Culture

AQ Artist Spotlight: Brooke Cornillie

a picture of the artist

Story by Harumi Patzy, Reporter
Photos by Harumi Patzy

“When people look at my work, I hope what they notice first is craftsmanship and appreciate it. I have a crazy passion for attention to detail, almost unhealthy. I can’t remove it, it was working against me in history but here it’s more of an advantage. If I can’t do it 100%, I’d rather not do it at all.”

This week, the AQ Artist Spotlight celebrates Brooke Cornillie, from Grosse Pointe, MI. Brooke is currently transitioning from a History Major to a Fine Arts Major and is also currently a Studio Manager at the AMC. She has many responsibilities as a Studio Manager, from keeping the classroom clean and organized, to making glazes and firing student projects in the kiln. 

Brooke values her job as a Studio Manager because the dream is to have her own studio. To run her studio, Brooke must be able to know how to deal with the chemicals from the glazes and how to use equipment such as the gas kiln. With the guidance of Professor Nate, her Ceramics and 3-D Sculpture professor, she is learning many things, little by little. 

in art.jpg

The maker at work.

Brooke loves to spend the majority of her time in the ceramics room located at the AMC, throwing clay or using the wheel to create her 3-D artwork. Brooke likes to refer to herself as a “maker” rather than an artist because she believes that becoming an artist is a title that one achieves. She currently refers to herself as a kid that has just begun learning to create.

Brooke gets her inspiration from the Greeks for throwing, and the Japanese for glazing and styling. She finds the craftsmanship of the Greeks the hallmark of throwing, and loves how the Japanese have the simplicity but also the elegance of a simple brush stroke. Brookes’s go-to color pallet in her daily life is blue.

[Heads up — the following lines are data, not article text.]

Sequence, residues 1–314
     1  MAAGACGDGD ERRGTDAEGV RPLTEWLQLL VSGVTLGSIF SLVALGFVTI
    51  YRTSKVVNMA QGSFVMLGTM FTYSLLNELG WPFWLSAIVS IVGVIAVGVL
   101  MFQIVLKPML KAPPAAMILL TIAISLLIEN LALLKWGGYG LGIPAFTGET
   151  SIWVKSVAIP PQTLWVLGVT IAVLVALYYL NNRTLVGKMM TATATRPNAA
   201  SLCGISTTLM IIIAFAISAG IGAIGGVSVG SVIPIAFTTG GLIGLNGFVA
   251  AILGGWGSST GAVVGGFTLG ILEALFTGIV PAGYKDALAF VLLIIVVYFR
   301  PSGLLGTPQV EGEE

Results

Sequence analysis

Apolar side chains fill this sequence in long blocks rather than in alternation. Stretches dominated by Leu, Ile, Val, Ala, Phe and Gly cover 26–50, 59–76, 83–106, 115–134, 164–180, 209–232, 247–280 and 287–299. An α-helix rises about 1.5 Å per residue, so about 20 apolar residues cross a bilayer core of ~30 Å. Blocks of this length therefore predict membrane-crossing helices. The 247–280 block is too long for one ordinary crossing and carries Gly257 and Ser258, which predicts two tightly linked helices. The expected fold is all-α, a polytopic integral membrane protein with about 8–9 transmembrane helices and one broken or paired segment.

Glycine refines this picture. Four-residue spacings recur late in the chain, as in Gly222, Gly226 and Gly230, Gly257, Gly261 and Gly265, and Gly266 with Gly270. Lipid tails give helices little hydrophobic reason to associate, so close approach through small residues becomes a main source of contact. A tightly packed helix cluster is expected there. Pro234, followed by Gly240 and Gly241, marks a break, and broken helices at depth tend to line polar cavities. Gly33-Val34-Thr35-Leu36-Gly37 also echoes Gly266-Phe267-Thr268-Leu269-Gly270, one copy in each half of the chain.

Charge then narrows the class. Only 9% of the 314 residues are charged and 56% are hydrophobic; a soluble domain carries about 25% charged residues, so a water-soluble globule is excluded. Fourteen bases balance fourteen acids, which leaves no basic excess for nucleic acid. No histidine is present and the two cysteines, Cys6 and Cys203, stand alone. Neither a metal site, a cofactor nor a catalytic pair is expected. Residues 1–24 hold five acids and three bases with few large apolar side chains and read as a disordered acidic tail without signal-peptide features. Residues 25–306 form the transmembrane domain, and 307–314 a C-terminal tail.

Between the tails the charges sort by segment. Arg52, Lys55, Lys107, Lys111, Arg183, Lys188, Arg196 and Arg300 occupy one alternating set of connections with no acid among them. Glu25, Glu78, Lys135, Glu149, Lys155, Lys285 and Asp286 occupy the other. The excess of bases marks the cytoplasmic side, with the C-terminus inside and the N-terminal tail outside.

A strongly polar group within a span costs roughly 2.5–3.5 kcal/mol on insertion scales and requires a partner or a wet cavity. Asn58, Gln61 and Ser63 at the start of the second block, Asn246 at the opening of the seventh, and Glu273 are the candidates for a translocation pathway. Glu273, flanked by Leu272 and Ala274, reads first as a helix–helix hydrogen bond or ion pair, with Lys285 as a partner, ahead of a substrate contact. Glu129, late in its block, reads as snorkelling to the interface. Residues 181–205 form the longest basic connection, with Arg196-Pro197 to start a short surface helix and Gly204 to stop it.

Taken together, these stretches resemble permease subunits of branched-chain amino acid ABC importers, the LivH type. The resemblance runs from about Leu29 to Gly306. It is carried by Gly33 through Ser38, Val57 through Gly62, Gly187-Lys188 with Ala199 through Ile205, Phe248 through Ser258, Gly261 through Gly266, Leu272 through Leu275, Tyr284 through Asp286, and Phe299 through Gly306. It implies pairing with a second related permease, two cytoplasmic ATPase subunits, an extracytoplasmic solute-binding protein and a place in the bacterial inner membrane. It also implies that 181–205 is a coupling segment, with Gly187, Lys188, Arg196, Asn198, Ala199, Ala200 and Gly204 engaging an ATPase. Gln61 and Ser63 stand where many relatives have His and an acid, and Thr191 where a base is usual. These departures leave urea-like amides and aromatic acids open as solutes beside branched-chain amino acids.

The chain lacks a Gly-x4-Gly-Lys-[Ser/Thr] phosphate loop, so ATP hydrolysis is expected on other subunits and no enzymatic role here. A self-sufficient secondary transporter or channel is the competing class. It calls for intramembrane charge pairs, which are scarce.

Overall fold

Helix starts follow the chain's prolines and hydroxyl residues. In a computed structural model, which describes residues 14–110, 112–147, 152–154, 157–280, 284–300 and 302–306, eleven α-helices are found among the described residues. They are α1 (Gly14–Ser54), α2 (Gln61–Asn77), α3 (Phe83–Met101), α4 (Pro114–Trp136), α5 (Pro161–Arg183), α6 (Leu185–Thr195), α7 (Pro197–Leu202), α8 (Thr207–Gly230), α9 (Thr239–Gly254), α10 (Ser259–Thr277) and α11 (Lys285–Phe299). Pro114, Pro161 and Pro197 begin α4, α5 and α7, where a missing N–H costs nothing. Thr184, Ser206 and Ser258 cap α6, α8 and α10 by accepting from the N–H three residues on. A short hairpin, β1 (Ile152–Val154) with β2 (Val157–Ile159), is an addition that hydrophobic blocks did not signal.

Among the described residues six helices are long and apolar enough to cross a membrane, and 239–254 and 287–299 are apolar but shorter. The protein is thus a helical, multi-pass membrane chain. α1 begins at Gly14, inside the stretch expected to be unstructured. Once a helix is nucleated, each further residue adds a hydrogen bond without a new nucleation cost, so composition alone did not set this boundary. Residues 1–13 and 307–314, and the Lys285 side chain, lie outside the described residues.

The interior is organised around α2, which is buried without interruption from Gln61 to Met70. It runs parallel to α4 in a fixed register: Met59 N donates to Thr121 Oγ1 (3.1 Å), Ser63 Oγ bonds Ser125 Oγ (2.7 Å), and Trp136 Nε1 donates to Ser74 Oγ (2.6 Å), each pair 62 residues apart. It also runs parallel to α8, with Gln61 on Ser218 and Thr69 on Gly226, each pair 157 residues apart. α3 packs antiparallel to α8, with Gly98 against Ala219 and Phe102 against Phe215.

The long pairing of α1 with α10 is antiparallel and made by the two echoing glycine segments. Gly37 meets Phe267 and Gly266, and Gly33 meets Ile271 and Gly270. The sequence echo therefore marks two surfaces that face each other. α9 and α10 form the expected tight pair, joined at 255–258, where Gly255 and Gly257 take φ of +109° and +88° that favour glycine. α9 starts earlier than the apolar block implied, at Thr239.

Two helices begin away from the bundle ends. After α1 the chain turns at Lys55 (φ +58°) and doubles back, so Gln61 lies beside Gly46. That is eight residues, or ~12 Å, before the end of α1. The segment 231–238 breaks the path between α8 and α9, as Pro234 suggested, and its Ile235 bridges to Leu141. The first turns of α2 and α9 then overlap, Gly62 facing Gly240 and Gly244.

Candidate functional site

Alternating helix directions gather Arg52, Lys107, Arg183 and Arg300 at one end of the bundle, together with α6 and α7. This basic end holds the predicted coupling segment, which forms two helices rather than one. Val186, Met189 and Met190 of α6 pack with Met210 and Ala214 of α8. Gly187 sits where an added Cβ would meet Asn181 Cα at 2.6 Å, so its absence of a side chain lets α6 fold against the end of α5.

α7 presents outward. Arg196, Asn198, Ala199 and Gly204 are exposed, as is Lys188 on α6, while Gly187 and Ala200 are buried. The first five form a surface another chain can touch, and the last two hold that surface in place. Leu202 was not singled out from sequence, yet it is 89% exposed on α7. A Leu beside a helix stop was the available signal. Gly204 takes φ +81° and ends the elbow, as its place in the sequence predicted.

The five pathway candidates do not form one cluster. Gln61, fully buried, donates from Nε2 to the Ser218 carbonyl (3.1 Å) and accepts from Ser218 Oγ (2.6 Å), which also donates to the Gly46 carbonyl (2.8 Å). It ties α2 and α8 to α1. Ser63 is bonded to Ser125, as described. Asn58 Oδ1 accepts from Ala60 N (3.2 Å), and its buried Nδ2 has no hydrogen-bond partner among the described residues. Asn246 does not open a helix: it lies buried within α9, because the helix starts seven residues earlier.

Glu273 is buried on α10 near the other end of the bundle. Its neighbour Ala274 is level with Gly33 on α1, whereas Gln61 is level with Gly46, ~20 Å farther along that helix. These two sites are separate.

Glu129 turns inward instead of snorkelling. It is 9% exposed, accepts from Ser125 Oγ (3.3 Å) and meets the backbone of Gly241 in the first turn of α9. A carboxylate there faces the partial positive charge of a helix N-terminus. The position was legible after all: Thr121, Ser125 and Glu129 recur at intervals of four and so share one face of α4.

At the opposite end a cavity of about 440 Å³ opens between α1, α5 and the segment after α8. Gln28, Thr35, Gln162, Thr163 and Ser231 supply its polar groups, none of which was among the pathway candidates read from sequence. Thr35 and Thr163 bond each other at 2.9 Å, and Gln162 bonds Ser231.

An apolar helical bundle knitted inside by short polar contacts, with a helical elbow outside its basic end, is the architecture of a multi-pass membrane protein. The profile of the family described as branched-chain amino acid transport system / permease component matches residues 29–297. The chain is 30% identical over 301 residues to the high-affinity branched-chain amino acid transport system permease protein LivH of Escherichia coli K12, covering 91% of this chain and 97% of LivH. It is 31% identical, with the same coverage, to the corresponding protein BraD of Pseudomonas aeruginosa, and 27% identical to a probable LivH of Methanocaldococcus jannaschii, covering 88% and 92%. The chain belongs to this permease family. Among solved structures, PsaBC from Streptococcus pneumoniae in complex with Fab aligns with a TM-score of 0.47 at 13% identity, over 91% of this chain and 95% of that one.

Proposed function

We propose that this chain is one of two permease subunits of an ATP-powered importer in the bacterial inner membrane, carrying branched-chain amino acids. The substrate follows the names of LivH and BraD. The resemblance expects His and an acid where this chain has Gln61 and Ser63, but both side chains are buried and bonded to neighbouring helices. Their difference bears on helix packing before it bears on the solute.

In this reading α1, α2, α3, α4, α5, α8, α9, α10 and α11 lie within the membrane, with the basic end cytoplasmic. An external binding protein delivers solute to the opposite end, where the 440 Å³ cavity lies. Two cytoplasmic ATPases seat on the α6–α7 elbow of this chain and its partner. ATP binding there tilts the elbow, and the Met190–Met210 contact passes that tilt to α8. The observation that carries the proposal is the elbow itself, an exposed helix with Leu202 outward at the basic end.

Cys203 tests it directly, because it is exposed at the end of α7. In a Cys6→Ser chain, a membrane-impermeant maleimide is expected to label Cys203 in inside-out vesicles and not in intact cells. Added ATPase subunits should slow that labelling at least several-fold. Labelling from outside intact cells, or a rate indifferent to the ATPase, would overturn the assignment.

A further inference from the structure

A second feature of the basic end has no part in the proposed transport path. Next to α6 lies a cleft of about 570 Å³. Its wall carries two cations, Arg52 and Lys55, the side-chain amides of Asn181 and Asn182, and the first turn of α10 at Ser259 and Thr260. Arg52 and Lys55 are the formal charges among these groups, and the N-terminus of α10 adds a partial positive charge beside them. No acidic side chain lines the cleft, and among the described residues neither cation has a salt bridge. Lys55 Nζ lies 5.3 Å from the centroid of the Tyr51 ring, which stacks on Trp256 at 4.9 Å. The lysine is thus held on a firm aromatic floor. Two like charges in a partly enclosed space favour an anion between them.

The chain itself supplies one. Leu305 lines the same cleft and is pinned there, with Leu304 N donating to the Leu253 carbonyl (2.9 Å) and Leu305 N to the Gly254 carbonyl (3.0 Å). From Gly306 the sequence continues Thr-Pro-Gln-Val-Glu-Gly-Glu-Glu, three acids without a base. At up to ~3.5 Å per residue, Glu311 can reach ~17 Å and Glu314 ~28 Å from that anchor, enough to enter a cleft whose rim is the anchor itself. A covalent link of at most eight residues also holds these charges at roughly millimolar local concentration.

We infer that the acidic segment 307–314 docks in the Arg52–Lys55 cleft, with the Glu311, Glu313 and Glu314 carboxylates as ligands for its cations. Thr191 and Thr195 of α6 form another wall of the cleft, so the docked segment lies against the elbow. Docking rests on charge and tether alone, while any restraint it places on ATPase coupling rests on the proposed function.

A light-colored vase

 

 

 

“I’m a blue girl. Shoes, coats… Most things I own are blue. But when I am creating, I guess, I am thinking about what the pieces are calling for. Like this, for instance, I look at the form first. And then I decide if it’s light or dark. For some reason, I decide this form will be light.”

Brooke hopes that those who hold her art are conscious of the craftsmanship, since people nowadays are used to just eating out of plates that are manufactured and forget that they’re eating out of something that was once clay. Brooke prefers that, as a “maker,” she makes functional ceramics.

During her junior year of high school, Brooke felt that she had gotten it just right. She had the support of her high school mentor and teacher who gently encouraged her into the path that she is currently on today. It has not been easy for Brooke because of her dyslexia and not feeling right studying for two years as a History Major. At first, being in the studio was a way to escape from stress. However, now she is fully embracing it. And we can’t wait to see more!

What made me start to keep going into the path, it was an unconscious decision, this is what I thrive in, in this area. I need to accept it. And I am still struggling with that. It feels good, it feels right, it is a lot less disturbing. It’s rough, trying to fit a square peg into a round hole for the past two years. You know? It’s not right. You gotta face it eventually.”

To support our AQ artist, go check out Brooke’s Instagram page @redrubberrib.

Leave a Reply

Fill in your details below or click an icon to log in:

WordPress.com Logo

You are commenting using your WordPress.com account. Log Out /  Change )

Google photo

You are commenting using your Google account. Log Out /  Change )

Twitter picture

You are commenting using your Twitter account. Log Out /  Change )

Facebook photo

You are commenting using your Facebook account. Log Out /  Change )

Connecting to %s